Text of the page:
He was long enough to show above his waistband, and I swiped the pearl off the tip, licked my finger.
I moved to face him, and we stumbled without going anywhere. The record ended. I clung to his belt loops, wrapped my hand around the back of his neck, bit his lower lip. We swayed like marathon dancers.
I pulled off his T-shirt. Kissed the meat of his arm. We fell onto the couch, and I was covered, smothered, the world gone dark. His back was wide, unmeasurable by my hands.
My eyes closed, visions flickered: the surf, a scorpion, Kelly’s hand around a vodka bottle, his eyes the day of the suicide train, a man hanging, a palm leaf.
We revolved, lay side by side, his hand held my breast through the gold, rubbed my nipple with his thumb. Hardness in his jeans against my belly. He was long enough to show above his waistband, and I swiped the pearl off the tip, licked my finger. His hand climbed my inner thigh, then cupped me.
I gathered my skirt, pulling up gold, pushing down panties. Our eyes were close in the shadows, wet, dilated. The crackle of condom wrapper. I waited, watched.
He rolled on top, put just the head in and paused. I could feel his heartbeat down there. That alone was almost too much. Suddenly he was in to the hilt. He barely had to move. Closer to the end, I wanted more. Imagined him with the power to be where he was and in my mouth at the same time, like a unicorn.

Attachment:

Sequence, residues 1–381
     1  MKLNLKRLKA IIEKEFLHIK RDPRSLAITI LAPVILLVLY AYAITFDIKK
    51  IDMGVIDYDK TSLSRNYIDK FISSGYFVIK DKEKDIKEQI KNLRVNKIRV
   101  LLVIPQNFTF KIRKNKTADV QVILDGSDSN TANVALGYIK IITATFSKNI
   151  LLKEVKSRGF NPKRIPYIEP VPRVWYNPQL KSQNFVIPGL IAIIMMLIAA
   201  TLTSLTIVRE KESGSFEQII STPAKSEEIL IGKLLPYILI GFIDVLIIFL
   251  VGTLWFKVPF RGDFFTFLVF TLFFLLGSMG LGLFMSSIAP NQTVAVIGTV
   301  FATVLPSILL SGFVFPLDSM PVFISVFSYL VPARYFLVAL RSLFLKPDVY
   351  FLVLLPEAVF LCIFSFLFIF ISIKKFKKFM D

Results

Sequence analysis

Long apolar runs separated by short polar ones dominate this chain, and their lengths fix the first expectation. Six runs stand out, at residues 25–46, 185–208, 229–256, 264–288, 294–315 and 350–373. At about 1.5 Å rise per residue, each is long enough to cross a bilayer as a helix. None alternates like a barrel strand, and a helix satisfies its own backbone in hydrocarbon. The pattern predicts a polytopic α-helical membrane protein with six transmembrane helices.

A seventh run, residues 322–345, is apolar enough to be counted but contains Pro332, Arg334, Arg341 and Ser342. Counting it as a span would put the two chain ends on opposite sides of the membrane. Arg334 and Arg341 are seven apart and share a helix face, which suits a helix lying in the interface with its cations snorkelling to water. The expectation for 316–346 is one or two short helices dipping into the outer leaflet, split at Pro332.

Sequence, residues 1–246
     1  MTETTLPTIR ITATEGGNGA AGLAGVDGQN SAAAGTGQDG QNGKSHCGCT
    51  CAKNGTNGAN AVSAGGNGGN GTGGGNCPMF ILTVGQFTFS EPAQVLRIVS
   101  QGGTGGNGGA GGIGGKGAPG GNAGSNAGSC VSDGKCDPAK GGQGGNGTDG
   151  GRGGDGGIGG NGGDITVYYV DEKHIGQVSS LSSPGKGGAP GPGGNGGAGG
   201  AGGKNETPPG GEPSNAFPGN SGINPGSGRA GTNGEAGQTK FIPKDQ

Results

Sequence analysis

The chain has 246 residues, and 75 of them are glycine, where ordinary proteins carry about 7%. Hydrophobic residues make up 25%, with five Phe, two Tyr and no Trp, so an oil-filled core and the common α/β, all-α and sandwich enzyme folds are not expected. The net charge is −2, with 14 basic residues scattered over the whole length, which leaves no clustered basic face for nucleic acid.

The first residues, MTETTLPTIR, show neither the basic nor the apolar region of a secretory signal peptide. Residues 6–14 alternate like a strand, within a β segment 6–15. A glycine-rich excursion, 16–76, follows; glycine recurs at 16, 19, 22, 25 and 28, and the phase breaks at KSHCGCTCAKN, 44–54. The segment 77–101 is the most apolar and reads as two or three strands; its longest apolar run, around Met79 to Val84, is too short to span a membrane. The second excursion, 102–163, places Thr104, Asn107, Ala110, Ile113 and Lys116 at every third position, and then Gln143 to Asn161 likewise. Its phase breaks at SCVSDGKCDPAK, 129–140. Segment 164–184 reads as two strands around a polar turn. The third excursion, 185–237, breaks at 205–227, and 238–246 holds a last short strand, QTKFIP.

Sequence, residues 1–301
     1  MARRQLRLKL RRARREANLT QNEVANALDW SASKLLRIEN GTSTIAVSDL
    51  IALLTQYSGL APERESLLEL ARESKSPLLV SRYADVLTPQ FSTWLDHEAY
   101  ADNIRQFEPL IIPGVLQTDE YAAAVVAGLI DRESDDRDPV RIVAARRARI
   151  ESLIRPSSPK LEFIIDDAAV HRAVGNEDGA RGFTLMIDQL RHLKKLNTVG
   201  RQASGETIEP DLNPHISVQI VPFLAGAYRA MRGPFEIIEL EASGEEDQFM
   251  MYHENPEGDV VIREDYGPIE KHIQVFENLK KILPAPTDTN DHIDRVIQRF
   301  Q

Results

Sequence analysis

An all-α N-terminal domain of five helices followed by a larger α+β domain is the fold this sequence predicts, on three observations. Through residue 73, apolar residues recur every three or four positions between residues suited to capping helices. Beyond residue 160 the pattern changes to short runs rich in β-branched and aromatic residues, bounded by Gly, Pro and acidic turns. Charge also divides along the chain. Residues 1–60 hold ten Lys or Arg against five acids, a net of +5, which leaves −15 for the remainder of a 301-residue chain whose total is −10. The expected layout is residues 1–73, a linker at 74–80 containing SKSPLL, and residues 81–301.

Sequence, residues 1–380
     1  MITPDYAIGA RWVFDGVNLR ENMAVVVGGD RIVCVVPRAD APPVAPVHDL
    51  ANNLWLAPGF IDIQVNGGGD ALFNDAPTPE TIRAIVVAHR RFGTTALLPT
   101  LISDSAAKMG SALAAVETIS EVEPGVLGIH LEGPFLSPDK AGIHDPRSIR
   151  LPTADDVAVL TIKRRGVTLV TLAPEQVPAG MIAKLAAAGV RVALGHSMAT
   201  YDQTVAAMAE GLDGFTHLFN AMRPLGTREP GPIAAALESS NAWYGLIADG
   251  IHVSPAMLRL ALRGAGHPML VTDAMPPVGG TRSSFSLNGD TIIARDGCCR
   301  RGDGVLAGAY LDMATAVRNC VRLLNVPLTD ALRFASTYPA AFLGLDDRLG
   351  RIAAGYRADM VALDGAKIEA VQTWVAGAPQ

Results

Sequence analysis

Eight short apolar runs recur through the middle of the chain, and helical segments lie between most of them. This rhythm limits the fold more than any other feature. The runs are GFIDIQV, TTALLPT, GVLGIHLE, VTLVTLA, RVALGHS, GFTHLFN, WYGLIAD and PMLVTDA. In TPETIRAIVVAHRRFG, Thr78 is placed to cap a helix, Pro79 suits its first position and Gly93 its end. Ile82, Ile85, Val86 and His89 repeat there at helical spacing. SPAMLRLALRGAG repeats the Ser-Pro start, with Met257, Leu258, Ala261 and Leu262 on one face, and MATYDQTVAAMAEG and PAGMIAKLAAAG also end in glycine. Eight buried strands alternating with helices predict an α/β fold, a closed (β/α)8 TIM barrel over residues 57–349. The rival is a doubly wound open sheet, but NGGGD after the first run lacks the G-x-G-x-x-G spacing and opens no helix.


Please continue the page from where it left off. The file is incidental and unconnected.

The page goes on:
Later, in my bed, I took the head in my mouth and held the rest with my hand, blood thumping under my thumb. I was on my knees at a right angle to his body, his hand between my legs. His hand kept trying, but lapsing, forgetting. His breath hard, bottom lip pushed out.
The halter of my dress pulled down to my waist, the skirt of it pulled up, to make a big gold belt.
A crescendo of bad words and a throat full of buttermilk.
We lay there, flung like the dead onto the bed. The room was dark, but he was darker. Inside his silhouette, fireflies bumped and glowed. n°
Excerpted from the novel Here Kitty Kitty, which will be published in May by Little, Brown.
©2004 Jardine Libaire and Nerve.com
|ABOUT THE AUTHOR:
|| Jardine Libaire holds an MFA from the University of Michigan. Her stories have been published on Nerve and in Fiction and Chick Lit , an anthology. She lives in Brooklyn. Here Kitty Kitty is her first novel.